Daily Egyptian

‘Stop the Bleed:’ Movement trains bystanders to help during shootings, emergencies

With+the+help+of+Hans+the+manikin%2C+students+in+the+Stop+the+Bleed+program+learn+how+to+apply+tourniquets+at+Harborview+Medical+Center.+In+emergency+situations%2C+severe+bleeding+is+a+common+cause+of+death+for+trauma+patients.+%28Alan+Berner%2FSeattle+Times%2FTNS%29
With the help of Hans the manikin, students in the Stop the Bleed program learn how to apply tourniquets at Harborview Medical Center. In emergency situations, severe bleeding is a common cause of death for trauma patients. (Alan Berner/Seattle Times/TNS)

With the help of Hans the manikin, students in the Stop the Bleed program learn how to apply tourniquets at Harborview Medical Center. In emergency situations, severe bleeding is a common cause of death for trauma patients. (Alan Berner/Seattle Times/TNS)

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With the help of Hans the manikin, students in the Stop the Bleed program learn how to apply tourniquets at Harborview Medical Center. In emergency situations, severe bleeding is a common cause of death for trauma patients. (Alan Berner/Seattle Times/TNS)

By Jonel Aleccia | The Seattle Times

SEATTLE — Dr. Eileen Bulger wants you to know that CPR is not enough.

With the way the world is going, the chief of trauma at Seattle’s Harborview Medical Center believes that bystanders — ordinary citizens — also need to be able to stop severe bleeding, including the kind caused by acts of terrorism and other public violence.

“It’s a commentary on our times,” Bulger said. “If you watch the news every day, you know that we have a lot of events in this country where a lot of people are injured.”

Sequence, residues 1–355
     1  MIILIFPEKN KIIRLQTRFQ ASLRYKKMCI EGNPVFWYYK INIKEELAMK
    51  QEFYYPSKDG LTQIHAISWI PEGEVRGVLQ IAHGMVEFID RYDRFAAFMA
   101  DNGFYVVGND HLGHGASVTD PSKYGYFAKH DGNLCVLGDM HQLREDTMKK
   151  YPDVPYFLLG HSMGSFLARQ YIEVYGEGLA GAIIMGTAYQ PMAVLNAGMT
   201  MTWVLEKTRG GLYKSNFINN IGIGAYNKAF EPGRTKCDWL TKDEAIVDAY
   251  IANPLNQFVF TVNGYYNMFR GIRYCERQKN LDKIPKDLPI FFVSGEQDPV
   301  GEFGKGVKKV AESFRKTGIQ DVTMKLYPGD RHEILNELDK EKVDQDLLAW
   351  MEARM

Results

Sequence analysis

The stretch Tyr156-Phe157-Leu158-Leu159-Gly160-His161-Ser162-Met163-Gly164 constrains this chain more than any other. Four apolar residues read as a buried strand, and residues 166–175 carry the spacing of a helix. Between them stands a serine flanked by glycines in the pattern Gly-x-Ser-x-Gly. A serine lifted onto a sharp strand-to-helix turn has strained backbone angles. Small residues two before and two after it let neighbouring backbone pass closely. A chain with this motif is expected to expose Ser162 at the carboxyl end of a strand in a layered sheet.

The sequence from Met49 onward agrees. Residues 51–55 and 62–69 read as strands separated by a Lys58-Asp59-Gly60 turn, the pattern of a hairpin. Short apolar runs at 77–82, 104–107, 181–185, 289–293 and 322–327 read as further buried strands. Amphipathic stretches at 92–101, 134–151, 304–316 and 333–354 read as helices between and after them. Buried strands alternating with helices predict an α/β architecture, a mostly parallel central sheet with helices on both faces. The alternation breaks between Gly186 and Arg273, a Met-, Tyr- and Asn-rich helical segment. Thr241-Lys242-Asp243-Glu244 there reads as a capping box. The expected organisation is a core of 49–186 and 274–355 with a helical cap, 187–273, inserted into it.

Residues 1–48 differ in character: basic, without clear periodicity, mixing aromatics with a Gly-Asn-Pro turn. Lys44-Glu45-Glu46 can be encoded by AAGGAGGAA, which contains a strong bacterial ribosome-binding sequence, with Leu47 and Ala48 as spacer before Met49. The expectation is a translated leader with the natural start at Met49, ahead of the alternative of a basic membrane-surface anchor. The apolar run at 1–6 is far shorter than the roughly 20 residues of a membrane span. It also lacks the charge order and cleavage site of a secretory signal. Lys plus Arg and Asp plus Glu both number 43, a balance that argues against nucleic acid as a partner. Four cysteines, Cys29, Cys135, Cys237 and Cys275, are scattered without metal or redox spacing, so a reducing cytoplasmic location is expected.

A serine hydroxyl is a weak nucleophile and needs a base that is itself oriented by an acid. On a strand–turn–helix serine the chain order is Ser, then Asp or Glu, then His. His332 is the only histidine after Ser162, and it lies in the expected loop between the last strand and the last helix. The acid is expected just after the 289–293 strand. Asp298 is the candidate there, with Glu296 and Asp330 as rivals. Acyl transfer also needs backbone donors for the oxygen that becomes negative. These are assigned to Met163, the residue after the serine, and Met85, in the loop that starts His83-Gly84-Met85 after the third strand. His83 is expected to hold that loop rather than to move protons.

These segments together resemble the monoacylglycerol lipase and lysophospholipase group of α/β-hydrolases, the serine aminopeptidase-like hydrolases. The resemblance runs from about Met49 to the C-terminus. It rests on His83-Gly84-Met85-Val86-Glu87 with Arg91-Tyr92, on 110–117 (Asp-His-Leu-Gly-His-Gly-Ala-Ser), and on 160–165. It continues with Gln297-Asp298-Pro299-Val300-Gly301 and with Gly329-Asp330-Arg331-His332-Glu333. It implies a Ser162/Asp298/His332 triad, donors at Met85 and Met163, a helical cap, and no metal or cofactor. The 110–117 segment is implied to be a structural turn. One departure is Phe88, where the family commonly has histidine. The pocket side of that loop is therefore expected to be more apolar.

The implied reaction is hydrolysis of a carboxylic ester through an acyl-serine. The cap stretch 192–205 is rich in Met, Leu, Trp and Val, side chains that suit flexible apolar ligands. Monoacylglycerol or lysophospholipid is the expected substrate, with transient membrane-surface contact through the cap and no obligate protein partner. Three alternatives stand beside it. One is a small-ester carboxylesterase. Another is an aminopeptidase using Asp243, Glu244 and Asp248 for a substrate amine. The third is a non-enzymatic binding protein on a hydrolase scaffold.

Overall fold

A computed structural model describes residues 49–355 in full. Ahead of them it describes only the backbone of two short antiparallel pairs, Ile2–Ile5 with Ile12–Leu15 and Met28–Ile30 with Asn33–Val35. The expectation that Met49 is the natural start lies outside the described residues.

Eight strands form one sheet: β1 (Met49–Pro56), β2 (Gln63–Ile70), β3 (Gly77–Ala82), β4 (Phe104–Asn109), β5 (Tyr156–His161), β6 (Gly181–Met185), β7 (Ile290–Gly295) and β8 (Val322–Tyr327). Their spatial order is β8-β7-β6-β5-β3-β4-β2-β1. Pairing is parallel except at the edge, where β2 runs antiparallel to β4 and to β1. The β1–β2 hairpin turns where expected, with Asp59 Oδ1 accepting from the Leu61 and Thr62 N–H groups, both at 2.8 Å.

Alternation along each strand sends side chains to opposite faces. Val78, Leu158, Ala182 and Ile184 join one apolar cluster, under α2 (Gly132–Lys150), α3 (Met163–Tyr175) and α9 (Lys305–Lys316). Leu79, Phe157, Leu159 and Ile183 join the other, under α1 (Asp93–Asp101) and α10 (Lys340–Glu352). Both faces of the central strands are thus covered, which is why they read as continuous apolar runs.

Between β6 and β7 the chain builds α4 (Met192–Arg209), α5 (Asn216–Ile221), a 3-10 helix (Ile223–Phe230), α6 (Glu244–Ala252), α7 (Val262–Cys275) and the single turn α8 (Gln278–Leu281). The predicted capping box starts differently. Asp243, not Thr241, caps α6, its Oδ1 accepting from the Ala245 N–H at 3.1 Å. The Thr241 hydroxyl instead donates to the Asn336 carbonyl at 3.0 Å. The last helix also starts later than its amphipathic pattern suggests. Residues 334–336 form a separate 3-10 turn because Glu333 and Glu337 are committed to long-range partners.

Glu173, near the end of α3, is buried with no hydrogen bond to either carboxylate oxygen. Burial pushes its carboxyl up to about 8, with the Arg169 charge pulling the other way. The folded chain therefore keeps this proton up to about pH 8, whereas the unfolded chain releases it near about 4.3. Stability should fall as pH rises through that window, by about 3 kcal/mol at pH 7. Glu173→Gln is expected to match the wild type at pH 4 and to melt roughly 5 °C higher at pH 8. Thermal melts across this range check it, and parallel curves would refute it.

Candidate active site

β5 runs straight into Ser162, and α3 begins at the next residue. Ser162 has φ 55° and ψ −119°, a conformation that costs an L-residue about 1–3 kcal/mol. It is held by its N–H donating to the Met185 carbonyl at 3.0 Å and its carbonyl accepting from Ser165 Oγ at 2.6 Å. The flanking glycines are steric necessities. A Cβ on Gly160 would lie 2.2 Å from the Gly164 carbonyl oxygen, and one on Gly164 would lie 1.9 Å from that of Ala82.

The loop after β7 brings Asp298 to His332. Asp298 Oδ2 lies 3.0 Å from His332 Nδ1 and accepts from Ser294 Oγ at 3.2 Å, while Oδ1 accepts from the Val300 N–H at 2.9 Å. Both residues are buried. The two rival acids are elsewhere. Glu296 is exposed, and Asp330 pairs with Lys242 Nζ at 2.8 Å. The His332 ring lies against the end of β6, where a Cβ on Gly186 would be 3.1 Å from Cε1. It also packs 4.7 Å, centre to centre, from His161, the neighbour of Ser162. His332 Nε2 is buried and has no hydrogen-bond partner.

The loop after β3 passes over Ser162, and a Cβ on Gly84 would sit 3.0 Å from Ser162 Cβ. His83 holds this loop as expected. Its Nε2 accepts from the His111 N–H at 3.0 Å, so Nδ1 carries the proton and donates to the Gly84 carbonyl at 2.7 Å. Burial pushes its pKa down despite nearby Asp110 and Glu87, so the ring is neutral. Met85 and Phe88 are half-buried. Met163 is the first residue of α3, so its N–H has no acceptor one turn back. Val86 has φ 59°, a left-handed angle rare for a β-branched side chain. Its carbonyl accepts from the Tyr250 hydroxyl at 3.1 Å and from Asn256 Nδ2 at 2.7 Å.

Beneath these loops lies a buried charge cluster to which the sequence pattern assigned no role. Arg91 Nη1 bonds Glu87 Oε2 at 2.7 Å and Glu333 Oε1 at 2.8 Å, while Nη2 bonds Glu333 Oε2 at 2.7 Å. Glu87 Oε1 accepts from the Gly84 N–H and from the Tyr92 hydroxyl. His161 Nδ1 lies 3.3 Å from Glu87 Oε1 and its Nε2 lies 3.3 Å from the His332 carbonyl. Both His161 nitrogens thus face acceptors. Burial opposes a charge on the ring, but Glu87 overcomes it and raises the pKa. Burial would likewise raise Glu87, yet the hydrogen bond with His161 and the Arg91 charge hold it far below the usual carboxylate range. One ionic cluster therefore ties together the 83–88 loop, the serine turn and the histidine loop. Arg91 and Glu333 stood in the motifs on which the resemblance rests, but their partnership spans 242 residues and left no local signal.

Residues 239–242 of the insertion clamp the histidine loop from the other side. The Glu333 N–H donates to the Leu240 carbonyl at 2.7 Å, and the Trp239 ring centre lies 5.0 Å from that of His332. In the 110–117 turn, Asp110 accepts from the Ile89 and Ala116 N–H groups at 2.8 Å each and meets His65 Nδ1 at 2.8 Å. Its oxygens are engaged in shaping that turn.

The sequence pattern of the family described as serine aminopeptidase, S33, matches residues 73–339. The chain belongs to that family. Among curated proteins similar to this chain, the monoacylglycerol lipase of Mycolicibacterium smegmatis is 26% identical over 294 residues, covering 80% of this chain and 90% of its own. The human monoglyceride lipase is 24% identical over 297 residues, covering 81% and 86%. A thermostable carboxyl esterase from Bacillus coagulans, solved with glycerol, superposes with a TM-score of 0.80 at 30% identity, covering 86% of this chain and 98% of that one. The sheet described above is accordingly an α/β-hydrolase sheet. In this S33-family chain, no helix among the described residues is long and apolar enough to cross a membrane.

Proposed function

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Last year in the U.S. there were 372 incidents in which four or more people were killed or wounded, with a toll of 475 deaths and 1,870 injuries according to the nonprofit group Gun Violence Archive.

That’s why Bulger spent Saturday in a hospital training room, where more than 100 people in two classes learned to use tourniquets and pack wounds as part of Stop the Bleed Washington, a local and national effort to prepare more people to respond to the shootings, bombings and other threats that have become a part of American life.

John Hinson, senior paramedic with the Seattle Fire Department, instructs students before they learn how to pack wounds and use tourniquets. (Alan Berner/Seattle Times/TNS)

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John Hinson, senior paramedic with the Seattle Fire Department, instructs students before they learn how to pack wounds and use tourniquets. (Alan Berner/Seattle Times/TNS)

“Somebody can bleed to death in three to four minutes,” Bulger said, adding that medical crews often can’t respond that quickly. “There are circumstances where the person next to you is the best person to save your life.”

In emergency situations, severe bleeding is a common cause of death for trauma patients, accounting for about 35 percent of mortality before victims get to a hospital, according to the National Trauma Institute.

A movement to train bystanders began after the 2012 shootings at Sandy Hook Elementary School in Newtown, Conn., resulting in the Hartford Consensus, a series of expert recommendations led by the American College of Surgeons. A White House summit in 2015 accelerated the momentum.

Just last month, an editorial in the journal JAMA Surgery urged development of more programs for bystanders to control severe bleeding.

Now, Bulger and others in communities across the country are taking the message to the public. After a pilot project with nontrauma employees at UW Medicine, more than 250 people have already signed up for the two- to three-hour classes.